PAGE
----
In the past, when moving for relief under 18 U.S.C. § 3582(c), courts recognized that the defendant bore the initial burden of demonstrating that a sentence reduction was warranted. See United States v. Sprague, 135 F.3d 1301, 1306-07 (9th Cir. 1998). Although the Ninth Circuit has not specifically addressed the question of which party bears the burden in the context of a motion for compassionate brought pursuant to § 3582(c) as amended by the FSA, district courts have agreed that the burden remains with the defendant. See, e.g., See United States v. Becerra, No. 18-0080, 2021 WL 53542, at *3 (E.D. Cal. Feb. 12, 2021); United States v. Greenhut, No. 2:18-cr-00048-CAS, 2020 WL 509385, at *1 (C.D. Cal. Jan. 31, 2020); United States v. Van Sickle, No. 18-cr-0250-JLR, 2020 WL 2219496, at *3 (W.D. Wash. May 7, 2020).


To evaluate a request for compassionate release under 18 U.S.C § 3582(c)(1)(A)(i), a court must consider three requirements:

First, as a threshold matter, the statute requires defendants to exhaust administrative remedies. 18 U.S.C. § 3582(c)(1)(A). Second, a district court may grant compassionate release only if “extraordinary and compelling reasons warrant such a reduction” and “that such reduction is consistent with applicable policy statements issued by the Sentencing Commission. Id. Third, the district court must also consider “the factors set forth in Section 3553(a) to the extent that they are applicable.” Id.

United States v. Rodriguez, 424 F.Supp.3d 674, 680 (N.D. Cal. 2019); see also United States v. Ramirez-Suarez, 16-CR-00124-LHK-4, 2020 WL 3869181, at *2 (N.D. Cal. July 9, 2020); United States v. Parker, 461 F.Supp.3d 966, 970 (C.D. Cal. 2020); United States v. Trent, No. 16-cr-00178-CRB-1, 2020 WL 1812242, at *2 (N.D. Cal. Apr. 9, 2020) (noting that as to the third factor, under 18 U.S.C. § 3582(c)(1)(A) release must be “consistent with” the sentencing factors set forth in §3553(a)).

A. Administrative Exhaustion

Guerrero submitted a request for compassionate release to the Warden on August 17, 2020. (Doc. 311 at 6.) The Warden denied this request on September 21, 2020. (Id. at 15.) The government concedes that defendant has satisfied the exhaustion requirement. (Doc. 328 at 5.) Therefore, the Court will address the merits of Guerrero's motion.

B. Extraordinary and Compelling Reasons

A defendant's medical condition may warrant compassionate release where he or she “is suffering from a terminal illness (i.e., a serious and advanced illness with an end of life trajectory),” though [a] specific prognosis of life expectancy (i.e., a probability of death within a specific time period) is not required.” U.S.S.G. § 1B1.13, cmt. n.1 (A)(i). Non-exhaustive examples of terminal illnesses that may warrant a compassionate release “include metastatic solid-tumor cancer, amyotrophic lateral sclerosis (ALS), end-stage organ disease, and advanced dementia.” Id. In addition to terminal illnesses, a defendant's debilitating physical or mental condition may warrant compassionate release, including when:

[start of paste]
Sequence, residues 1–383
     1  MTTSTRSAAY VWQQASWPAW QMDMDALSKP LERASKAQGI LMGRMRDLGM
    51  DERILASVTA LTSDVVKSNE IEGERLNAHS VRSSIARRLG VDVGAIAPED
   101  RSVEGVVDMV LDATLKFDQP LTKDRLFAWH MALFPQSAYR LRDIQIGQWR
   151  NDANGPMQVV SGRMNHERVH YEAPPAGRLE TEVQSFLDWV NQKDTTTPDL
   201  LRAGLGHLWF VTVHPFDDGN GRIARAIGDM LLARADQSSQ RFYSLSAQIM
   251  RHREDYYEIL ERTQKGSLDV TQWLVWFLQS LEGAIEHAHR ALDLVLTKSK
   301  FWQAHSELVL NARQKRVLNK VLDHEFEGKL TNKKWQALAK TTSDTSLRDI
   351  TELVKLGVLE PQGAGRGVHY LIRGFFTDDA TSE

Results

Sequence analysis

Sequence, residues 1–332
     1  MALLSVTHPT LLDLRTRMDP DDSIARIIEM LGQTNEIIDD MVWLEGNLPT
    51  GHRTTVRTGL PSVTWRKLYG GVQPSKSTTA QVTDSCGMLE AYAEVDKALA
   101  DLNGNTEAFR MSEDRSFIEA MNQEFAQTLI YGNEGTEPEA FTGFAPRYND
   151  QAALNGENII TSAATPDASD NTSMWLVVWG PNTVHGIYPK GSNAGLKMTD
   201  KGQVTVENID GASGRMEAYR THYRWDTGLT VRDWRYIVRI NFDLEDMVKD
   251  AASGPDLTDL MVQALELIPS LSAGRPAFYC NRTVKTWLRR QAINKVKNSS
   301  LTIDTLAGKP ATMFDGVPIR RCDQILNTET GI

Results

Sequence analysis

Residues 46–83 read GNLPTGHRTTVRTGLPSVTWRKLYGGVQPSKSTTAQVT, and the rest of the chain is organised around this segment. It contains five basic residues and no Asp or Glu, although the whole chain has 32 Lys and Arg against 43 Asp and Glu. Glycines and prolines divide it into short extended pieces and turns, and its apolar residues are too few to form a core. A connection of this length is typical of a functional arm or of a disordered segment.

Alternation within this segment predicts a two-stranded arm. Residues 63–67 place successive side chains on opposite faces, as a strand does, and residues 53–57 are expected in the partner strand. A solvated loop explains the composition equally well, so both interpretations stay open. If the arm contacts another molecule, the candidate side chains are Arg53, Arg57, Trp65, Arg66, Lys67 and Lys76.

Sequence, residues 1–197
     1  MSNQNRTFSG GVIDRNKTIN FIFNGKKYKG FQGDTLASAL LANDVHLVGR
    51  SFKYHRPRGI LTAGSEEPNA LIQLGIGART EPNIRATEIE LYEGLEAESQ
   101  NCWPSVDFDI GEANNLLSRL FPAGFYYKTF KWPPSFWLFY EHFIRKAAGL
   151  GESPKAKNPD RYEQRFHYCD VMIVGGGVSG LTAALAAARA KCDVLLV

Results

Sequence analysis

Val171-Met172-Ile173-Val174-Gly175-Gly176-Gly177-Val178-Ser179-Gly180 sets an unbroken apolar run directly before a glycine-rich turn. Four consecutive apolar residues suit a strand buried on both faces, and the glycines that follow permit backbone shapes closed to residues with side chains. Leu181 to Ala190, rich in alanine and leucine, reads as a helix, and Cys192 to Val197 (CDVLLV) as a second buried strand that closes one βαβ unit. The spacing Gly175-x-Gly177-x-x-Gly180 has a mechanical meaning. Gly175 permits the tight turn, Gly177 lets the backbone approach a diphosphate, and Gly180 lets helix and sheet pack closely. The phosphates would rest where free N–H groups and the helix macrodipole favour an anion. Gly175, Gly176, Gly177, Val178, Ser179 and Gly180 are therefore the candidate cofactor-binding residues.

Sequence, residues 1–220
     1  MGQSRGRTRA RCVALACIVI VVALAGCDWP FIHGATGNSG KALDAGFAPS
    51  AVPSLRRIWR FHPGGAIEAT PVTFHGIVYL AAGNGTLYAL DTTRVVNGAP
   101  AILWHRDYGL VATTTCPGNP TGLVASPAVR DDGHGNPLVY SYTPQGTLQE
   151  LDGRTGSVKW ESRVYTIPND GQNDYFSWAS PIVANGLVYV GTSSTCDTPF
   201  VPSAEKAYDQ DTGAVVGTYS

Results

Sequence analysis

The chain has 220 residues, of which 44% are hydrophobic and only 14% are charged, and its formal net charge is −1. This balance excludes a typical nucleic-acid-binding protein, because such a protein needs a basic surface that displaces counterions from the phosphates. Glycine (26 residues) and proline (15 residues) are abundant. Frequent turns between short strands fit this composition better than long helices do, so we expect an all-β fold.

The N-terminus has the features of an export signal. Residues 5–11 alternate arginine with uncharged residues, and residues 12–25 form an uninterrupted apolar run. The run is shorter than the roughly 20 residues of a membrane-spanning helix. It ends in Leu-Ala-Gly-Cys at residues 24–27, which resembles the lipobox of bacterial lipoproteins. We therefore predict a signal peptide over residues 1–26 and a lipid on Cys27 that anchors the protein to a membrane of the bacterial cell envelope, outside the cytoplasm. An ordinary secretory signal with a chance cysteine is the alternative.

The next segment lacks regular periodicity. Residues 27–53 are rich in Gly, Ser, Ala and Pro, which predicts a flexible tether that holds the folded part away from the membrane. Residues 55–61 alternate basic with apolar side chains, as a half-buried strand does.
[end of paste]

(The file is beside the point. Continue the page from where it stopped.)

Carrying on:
The defendant is
(I) suffering from a serious physical or medical condition,
(II) suffering from a serious functional or cognitive impairment, or
(III) experiencing deteriorating physical or mental health because of the aging process,
that substantially diminishes the ability of the defendant to provide self-care within the environment of a correctional facility and from which he or she is not expected to recover.

Id. at cmt. n.1 (A)(ii).

When a defendant has moderate medical issues that otherwise might not be sufficient to warrant compassionate release under ordinary circumstances, some courts have concluded that the risks posed by CO VID-19 tip the scale in favor of release. See, e.g., United States v. Rodriguez, 451 F.Supp.3d 392, 405-06 (E.D. Pa. 2020) (“Without the COVID-19 pandemic— an undeniably extraordinary event—Mr. Rodriguez's health problems, proximity to his release date, and rehabilitation would not present extraordinary and compelling reasons to reduce his sentence. But taken together, they warrant reducing his sentence.”). COVID-19 may constitute an extraordinary and compelling circumstance where defendants demonstrate that (1) their health conditions put them at an increased risk of severe COVID-19 and (2) they are at risk of infection because their facility is currently suffering from a COVID-19 outbreak or is at risk of an outbreak...